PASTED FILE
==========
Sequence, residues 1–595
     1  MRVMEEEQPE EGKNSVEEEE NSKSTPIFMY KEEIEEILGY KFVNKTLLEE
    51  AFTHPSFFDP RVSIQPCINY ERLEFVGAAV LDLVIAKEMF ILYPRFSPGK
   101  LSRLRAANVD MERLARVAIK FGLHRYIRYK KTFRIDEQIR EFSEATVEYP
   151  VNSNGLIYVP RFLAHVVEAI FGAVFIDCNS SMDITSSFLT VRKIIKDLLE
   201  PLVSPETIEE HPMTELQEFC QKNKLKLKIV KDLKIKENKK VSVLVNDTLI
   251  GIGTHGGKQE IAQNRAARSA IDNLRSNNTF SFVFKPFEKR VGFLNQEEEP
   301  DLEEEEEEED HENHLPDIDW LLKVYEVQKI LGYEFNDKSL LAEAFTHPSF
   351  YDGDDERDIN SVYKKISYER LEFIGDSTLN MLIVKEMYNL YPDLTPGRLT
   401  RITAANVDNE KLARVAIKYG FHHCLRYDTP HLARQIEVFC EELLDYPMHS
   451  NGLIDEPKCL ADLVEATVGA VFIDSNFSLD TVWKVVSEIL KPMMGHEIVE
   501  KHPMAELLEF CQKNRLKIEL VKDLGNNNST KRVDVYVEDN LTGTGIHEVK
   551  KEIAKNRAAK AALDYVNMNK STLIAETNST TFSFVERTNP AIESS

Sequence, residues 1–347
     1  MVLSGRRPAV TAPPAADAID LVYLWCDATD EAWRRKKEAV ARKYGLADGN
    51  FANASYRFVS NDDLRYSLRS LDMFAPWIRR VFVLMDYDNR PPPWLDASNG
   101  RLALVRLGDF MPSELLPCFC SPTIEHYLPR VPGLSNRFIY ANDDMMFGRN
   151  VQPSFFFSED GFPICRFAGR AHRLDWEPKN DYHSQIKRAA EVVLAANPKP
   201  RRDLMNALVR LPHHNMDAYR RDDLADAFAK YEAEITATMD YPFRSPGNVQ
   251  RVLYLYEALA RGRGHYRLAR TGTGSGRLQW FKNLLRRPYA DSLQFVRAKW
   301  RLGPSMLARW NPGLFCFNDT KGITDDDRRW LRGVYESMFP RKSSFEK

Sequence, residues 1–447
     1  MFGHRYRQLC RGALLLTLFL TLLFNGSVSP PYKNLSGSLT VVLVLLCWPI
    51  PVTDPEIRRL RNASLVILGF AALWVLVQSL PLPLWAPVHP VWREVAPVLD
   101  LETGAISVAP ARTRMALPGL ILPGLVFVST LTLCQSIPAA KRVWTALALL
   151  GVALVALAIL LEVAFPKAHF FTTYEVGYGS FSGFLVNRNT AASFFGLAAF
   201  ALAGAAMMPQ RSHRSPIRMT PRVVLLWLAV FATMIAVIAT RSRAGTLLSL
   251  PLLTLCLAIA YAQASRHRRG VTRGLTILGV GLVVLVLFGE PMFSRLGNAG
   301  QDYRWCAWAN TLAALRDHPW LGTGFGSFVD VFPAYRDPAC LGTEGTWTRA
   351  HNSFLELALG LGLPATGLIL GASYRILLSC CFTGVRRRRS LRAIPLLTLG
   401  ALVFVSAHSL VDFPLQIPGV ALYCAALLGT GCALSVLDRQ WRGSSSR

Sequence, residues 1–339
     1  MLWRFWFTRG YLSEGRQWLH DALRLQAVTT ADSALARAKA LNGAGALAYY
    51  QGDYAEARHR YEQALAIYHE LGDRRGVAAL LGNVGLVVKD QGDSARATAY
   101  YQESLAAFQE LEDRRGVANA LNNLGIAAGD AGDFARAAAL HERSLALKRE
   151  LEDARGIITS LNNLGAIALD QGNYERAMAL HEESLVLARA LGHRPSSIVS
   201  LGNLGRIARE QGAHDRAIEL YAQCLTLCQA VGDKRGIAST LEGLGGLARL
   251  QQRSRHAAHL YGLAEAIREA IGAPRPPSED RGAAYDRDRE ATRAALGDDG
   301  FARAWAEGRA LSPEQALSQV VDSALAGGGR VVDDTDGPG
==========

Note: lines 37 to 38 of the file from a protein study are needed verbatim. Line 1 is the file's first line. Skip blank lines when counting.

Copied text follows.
   201  LGNLGRIARE QGAHDRAIEL YAQCLTLCQA VGDKRGIAST LEGLGGLARL
   251  QQRSRHAAHL YGLAEAIREA IGAPRPPSED RGAAYDRDRE ATRAALGDDG